2015 Progress Report: Improved Prediction of the Vertical Profile of Atmospheric Black Carbon: Development and Evaluation of WRF-CMAQ

EPA Grant Number: R835041
Title: Improved Prediction of the Vertical Profile of Atmospheric Black Carbon: Development and Evaluation of WRF-CMAQ
Investigators: Carlton, Annmarie
Institution: Rutgers, The State University of New Jersey
EPA Project Officer: Hunt, Sherri
Project Period: September 1, 2011 through August 31, 2014 (Extended to February 29, 2016)
Project Period Covered by this Report: September 1, 2014 through August 31,2015
Project Amount: $449,916
RFA: Black Carbon's Role In Global To Local Scale Climate And Air Quality (2010) RFA Text |  Recipients Lists
Research Category: Global Climate Change , Climate Change , Air

Objective:

To improve the model predictions of the vertical profile of particulate carbon through better representation of condensed phase organic chemistry in the 3-dimensional photochemical model "CMAQ."

Progress Summary:

The project goals for the final year were to test the new solver approach for CMAQ’s aqueous cloud chemistry in CMAQ. We developed a more explicit aqueous phase chemical mechanism and benchmarked CMAQ predictions from: (1) base CMAQv5.01 (“base”), (2) CMAQv5.01 with the kinetic mass transfer via KPP solver (“AQchem-KMT”), and (3) CMAQv.5.01 with KPP and expanded chemistry (“explicit”). The aqueous chemical mechanism developed with Kinetic Pre Processor (KPP) reduced the number operators required to solving the chemistry and is a more accurate representation of atmospheric processing by clouds. The KPP implementation required some structural changes to the chemistry. For example, bulk mass transfer through phase transition (in base CMAQ) is now calculated simultaneously in the forward (gas to liquid) and backward (liquid to gas) directions and is dependent on cloud droplet size. Note, cloud droplets are consistent with WRF-predicted values. The new reaction forms, used in CMAQ simulations for cases 2 and 3 (above) are listed in Table 1. 

CMAQ aqueous chemistry is the base version of the model and in case 2 is shown as “Current SOA reaction in CMAQ” in Table 2. The expanded mechanism is shown as “Explicit reactions in new box model” in Table 2 and graphically in Figure 1. In case 3 simulations (“explicit”), cloud-produced species such as carboxylic acids partition to the gas phase depending on their vapor pressure (specific to acid or base form).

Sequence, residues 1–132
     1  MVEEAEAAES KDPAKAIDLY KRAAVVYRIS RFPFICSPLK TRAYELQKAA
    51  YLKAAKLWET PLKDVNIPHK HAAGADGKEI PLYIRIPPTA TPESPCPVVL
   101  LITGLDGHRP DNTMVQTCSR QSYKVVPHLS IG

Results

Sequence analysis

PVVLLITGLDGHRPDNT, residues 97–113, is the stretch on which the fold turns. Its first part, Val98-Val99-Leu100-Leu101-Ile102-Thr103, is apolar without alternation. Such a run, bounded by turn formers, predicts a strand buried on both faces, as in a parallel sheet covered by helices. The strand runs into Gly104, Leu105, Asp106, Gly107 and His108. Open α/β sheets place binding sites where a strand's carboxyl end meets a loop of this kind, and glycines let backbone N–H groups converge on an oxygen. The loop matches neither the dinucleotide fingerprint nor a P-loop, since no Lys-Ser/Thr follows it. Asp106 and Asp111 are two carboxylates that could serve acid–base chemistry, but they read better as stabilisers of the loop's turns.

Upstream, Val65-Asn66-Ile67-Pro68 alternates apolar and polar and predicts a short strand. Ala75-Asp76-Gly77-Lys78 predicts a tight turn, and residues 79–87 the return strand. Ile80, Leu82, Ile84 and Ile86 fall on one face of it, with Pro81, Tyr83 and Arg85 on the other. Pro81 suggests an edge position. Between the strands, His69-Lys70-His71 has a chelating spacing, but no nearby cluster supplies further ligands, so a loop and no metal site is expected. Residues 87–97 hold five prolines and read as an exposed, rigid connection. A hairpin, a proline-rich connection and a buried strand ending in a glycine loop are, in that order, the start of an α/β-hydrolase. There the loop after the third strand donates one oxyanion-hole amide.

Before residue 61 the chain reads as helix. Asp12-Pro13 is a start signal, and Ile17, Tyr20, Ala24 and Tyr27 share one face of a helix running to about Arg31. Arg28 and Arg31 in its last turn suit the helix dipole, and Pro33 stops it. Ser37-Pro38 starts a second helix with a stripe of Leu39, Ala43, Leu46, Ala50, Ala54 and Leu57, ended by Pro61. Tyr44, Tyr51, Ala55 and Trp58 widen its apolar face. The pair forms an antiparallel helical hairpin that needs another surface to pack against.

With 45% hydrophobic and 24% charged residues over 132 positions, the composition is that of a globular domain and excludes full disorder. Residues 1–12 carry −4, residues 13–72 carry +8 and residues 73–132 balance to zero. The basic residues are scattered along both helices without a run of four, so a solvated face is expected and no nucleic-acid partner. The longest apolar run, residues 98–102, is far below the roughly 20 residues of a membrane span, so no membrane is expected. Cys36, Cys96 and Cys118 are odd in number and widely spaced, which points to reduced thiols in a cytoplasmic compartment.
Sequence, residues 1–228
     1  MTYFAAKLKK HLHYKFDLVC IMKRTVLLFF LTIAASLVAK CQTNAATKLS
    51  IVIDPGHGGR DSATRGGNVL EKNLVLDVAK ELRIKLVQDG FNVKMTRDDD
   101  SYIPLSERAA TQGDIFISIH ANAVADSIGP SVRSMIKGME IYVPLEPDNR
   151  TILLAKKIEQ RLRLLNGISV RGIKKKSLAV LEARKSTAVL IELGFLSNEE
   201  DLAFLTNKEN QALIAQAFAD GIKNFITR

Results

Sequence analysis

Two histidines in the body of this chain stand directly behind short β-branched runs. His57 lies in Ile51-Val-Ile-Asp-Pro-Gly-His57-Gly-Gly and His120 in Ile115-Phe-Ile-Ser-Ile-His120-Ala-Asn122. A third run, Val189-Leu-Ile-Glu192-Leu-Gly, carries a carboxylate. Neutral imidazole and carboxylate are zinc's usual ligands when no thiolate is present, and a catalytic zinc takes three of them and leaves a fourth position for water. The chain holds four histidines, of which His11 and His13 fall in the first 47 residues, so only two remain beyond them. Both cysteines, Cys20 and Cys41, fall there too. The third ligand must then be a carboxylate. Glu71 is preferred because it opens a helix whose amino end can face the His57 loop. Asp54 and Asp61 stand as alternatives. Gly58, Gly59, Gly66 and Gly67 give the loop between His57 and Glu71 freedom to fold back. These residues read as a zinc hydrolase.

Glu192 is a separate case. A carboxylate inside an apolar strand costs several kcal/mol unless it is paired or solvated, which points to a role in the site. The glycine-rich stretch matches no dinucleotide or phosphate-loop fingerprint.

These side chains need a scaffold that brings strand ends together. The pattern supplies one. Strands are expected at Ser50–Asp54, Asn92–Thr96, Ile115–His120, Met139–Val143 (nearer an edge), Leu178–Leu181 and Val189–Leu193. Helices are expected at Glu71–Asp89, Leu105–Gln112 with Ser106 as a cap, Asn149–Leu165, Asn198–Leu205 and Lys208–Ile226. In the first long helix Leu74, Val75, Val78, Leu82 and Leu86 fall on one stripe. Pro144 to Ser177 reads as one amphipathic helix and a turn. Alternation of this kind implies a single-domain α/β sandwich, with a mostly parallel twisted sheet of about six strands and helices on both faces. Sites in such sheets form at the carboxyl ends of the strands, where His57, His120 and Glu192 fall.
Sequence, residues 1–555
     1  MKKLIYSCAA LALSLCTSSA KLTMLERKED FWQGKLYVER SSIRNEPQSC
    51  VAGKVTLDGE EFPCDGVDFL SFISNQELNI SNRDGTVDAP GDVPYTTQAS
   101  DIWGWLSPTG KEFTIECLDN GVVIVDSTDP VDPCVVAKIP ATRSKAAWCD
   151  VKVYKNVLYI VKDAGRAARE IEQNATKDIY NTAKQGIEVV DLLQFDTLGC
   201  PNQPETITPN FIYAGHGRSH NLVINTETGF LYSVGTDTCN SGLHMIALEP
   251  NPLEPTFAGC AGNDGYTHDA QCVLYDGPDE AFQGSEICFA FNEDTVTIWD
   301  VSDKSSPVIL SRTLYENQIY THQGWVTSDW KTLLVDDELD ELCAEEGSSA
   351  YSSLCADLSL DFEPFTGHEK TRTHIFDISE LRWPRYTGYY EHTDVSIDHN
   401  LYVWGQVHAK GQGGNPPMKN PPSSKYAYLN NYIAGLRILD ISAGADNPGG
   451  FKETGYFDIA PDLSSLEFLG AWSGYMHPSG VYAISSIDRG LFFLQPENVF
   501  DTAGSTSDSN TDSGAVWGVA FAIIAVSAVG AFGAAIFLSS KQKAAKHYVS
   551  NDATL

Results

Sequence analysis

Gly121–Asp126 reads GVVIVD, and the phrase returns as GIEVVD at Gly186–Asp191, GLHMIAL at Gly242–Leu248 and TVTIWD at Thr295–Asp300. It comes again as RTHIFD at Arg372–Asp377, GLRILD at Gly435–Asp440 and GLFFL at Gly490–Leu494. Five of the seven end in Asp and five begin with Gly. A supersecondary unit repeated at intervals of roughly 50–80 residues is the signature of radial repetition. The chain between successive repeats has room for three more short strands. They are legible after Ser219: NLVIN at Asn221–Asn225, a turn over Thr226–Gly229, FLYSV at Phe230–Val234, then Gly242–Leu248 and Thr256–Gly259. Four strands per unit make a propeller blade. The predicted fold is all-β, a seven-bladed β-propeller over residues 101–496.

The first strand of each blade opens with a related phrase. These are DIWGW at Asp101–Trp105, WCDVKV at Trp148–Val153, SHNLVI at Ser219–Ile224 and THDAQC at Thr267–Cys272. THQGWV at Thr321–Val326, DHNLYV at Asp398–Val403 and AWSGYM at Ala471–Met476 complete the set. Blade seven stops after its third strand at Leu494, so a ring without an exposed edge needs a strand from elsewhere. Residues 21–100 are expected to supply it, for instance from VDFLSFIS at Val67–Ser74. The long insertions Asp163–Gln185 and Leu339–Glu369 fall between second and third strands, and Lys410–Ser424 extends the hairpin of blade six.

In general, we find that the explicit chemistry does not perturb domain-wide averages (left of Figure 2), but increases variability (right of Figure 2). 

Implementation of the explicit chemistry for organic species in clouds changed cloud-produced SOA (SOAAQ) and total SOA mass (Figures 3 and 4). Changes in total SOA are a consequence of more organic mass (i.e., SOAAQ) available for semi-volatile partitioning (Figure 5). Largest average changes were observed in the eastern U.S. (Figure 6).



We are preparing these results for publication in collaboration with Kathleen Fahey of EPA’s Office of Research and Development. 

Future Activities:

Year 3 activities are focused on full CMAQ simulations and comparison with ambient observational data. 


Journal Articles on this Report : 7 Displayed | Download in RIS Format

Other project views: All 50 publications 17 publications in selected types All 17 journal articles
Type Citation Project Document Sources
Journal Article Baker KR, Carlton AG, Kleindienst TE, Offenberg JH, Beaver MR, Gentner DR, Goldstein AH, Hayes PL, Jimenez JL, Gilman JB, de Gouw JA, Woody MC, Pye HOT, Kelly JT, Lewandowski M, Jaoui M, Stevens PS, Brune WH, Lin Y-H, Rubitschun CL, Surratt JD. Gas and aerosol carbon in California: comparison of measurements and model predictions in Pasadena and Bakersfield. Atmospheric Chemistry and Physics 2015;15(9):5243-5258. R835041 (2015)
R835041 (Final)
  • Full-text: ACP-Full Text-PDF
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  • Abstract: ACP-Abstract